Learn How to Keep Bait Alive From The Experts at FishingLicense.org

 fishingLicense.org blog: Learn How to Keep Bait Alive From The Experts at fishingLicense.org

Fishermen have been using live bait since long before artificial bait was even an option. Live bait is alluring because of its lifelike texture, odor and color, according to the experts at FishingLicense.org. The most common natural baits used include croaker, shrimp, worms and leeches. Nevertheless, using live bait requires fishermen to understand how to keep the bait alive. Discover the best ways to keep your bait alive by reading the sections below.

Aeration System: Explained

Proper aeration is essential in order to keep live bait in the healthiest condition. Natural bait that is kept in an aerator bowl is provided with the oxygen necessary to live and break down the excess nutrients of aerobic bacteria.  According to the team of experts at FishingLicense.org, the two most important aspects of an aeration system for live bait are the gentleness and direction of the water flow and the amount of air bubbles it produces.

Water flow direction;Certain types of live bait will not survive if the water flow is not consistent or gentle enough. Fishermen who use shad, greenbacks or white bait must ensure that their aeration is gentle so that these types of live bait can easily swim alongside the current of the water flow.

Air bubblesThe size and the amount of air bubbles that an aerator produces are key factors for ensuring the health of your bait. The team at FishingLicense.org has found that the smaller the bubbles are, the longer it will take for the bait to dissolve. If bubbles remain in the water housing your live bait for longer periods of time, this is an easy way of telling that the aeration system is working properly.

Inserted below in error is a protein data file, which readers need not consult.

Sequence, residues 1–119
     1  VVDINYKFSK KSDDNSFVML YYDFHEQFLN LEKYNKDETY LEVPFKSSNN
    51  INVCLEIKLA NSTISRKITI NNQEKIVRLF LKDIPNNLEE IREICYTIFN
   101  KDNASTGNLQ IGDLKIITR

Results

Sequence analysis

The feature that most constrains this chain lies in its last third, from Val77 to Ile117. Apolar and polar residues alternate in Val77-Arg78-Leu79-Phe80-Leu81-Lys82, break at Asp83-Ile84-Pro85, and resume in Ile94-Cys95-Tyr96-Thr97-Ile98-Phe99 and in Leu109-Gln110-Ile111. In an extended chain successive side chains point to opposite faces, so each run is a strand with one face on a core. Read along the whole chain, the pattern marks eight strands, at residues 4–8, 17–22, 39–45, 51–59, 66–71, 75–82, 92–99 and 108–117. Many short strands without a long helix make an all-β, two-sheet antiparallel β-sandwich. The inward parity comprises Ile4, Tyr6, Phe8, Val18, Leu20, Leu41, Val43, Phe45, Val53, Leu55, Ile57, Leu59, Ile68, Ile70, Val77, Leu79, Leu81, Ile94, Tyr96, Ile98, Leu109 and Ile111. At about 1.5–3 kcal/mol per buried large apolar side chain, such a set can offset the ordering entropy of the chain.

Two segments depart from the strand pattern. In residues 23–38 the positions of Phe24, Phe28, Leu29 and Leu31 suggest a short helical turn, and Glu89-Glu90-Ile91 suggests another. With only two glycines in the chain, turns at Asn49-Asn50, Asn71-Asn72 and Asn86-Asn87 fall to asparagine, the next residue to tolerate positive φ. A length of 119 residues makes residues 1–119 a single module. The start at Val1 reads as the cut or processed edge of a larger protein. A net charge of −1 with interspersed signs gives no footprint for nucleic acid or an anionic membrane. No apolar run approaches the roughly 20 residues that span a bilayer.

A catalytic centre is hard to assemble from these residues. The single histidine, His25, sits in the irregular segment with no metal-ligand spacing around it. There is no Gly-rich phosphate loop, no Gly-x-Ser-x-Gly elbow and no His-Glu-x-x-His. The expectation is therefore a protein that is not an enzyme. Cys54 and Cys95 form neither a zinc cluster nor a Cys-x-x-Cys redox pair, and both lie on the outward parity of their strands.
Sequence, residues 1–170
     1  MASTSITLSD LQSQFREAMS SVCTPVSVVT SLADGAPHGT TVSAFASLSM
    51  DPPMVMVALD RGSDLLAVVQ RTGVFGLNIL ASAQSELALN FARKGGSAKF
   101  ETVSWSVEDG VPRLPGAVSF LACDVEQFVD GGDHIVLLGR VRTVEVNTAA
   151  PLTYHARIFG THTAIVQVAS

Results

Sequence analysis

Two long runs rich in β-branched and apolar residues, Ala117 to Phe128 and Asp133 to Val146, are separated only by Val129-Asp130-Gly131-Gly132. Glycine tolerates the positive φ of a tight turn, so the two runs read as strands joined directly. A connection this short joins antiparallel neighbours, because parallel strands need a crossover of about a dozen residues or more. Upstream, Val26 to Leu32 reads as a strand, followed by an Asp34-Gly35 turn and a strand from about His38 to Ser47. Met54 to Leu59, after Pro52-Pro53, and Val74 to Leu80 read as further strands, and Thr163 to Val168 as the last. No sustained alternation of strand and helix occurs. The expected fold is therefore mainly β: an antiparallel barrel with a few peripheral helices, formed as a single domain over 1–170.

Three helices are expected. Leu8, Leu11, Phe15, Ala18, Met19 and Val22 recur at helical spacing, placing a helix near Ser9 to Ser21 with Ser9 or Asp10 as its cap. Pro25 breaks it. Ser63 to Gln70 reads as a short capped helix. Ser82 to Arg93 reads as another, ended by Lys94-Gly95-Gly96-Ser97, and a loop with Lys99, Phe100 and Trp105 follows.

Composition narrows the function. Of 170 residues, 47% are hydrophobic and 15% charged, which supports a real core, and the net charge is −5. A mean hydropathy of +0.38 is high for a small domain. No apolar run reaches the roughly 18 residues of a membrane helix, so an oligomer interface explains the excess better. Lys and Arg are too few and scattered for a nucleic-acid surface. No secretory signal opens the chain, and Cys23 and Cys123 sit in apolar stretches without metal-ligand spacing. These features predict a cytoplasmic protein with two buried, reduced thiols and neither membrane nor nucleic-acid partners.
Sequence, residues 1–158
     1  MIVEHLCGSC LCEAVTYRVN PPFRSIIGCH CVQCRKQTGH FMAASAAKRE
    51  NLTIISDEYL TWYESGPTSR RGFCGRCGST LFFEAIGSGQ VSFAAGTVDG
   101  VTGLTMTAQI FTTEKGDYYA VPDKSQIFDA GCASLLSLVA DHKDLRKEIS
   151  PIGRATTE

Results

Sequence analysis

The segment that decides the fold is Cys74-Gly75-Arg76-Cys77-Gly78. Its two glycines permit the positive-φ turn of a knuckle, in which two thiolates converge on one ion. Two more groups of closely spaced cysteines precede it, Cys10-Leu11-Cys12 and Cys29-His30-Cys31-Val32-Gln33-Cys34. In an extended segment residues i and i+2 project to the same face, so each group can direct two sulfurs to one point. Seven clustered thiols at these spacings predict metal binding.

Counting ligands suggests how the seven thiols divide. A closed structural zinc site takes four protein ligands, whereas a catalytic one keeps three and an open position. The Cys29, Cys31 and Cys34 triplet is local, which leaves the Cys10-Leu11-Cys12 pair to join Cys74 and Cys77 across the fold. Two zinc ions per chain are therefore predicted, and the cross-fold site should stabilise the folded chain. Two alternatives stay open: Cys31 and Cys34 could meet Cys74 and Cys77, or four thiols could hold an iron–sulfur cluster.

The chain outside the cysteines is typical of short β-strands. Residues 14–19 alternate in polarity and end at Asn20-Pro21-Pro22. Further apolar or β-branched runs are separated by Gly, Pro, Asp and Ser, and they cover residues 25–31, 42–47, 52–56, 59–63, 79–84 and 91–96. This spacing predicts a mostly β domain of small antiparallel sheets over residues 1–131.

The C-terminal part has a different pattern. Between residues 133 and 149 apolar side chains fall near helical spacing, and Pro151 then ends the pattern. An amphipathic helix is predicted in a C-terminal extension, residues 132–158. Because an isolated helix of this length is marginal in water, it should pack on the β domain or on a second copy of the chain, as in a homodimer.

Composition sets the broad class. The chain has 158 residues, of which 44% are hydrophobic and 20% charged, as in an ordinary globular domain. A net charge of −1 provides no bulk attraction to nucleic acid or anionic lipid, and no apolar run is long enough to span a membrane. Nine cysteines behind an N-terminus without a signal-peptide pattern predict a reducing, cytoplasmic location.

Different Types of Aerators

The most commonly used aerators are spray bar, air stone and venturi. The group at FishingLicense.org recommends choosing an aerator based on the type of bait you will be working with. For example, if you have hardy bait such as striped killifish or mummichogs, you might benefit from having a spray bar aerator that adds oxygen to the water by jetting streams of water that may be too harsh for other fish. Smaller groups of bait can easily survive in an air stone aerator which is quiet and provides gentle aeration. Venturi aerators can be used as floating aerators or bottom aerators with suction cups. These aerators provide fast-moving water that produces smaller air bubbles than any other kind of aeration system.

Livewells

The livewell you choose for your bait is also an important factor in keeping your bait alive. Although there are many different kinds of livewells to choose from, the experts at FishingLicense.org recommend purchasing an oval or round one for your bait. Oval and round livewells provide the best circulation for your bait to survive on. Rectangular or square wells are also deemed acceptable. However, they must feature embedded directional discharge to help the circular motion of the aerator.